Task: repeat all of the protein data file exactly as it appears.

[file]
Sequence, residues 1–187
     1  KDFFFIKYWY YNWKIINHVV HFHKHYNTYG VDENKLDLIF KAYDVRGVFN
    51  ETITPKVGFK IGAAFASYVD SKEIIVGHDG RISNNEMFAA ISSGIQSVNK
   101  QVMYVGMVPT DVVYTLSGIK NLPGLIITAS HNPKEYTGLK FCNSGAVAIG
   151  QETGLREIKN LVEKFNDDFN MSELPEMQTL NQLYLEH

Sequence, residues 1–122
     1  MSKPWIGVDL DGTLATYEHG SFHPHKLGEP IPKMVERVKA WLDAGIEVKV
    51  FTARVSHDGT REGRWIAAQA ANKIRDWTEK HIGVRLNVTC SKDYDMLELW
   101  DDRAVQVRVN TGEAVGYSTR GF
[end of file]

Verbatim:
Sequence, residues 1–187
     1  KDFFFIKYWY YNWKIINHVV HFHKHYNTYG VDENKLDLIF KAYDVRGVFN
    51  ETITPKVGFK IGAAFASYVD SKEIIVGHDG RISNNEMFAA ISSGIQSVNK
   101  QVMYVGMVPT DVVYTLSGIK NLPGLIITAS HNPKEYTGLK FCNSGAVAIG
   151  QETGLREIKN LVEKFNDDFN MSELPEMQTL NQLYLEH

Sequence, residues 1–122
     1  MSKPWIGVDL DGTLATYEHG SFHPHKLGEP IPKMVERVKA WLDAGIEVKV
    51  FTARVSHDGT REGRWIAAQA ANKIRDWTEK HIGVRLNVTC SKDYDMLELW
   101  DDRAVQVRVN TGEAVGYSTR GF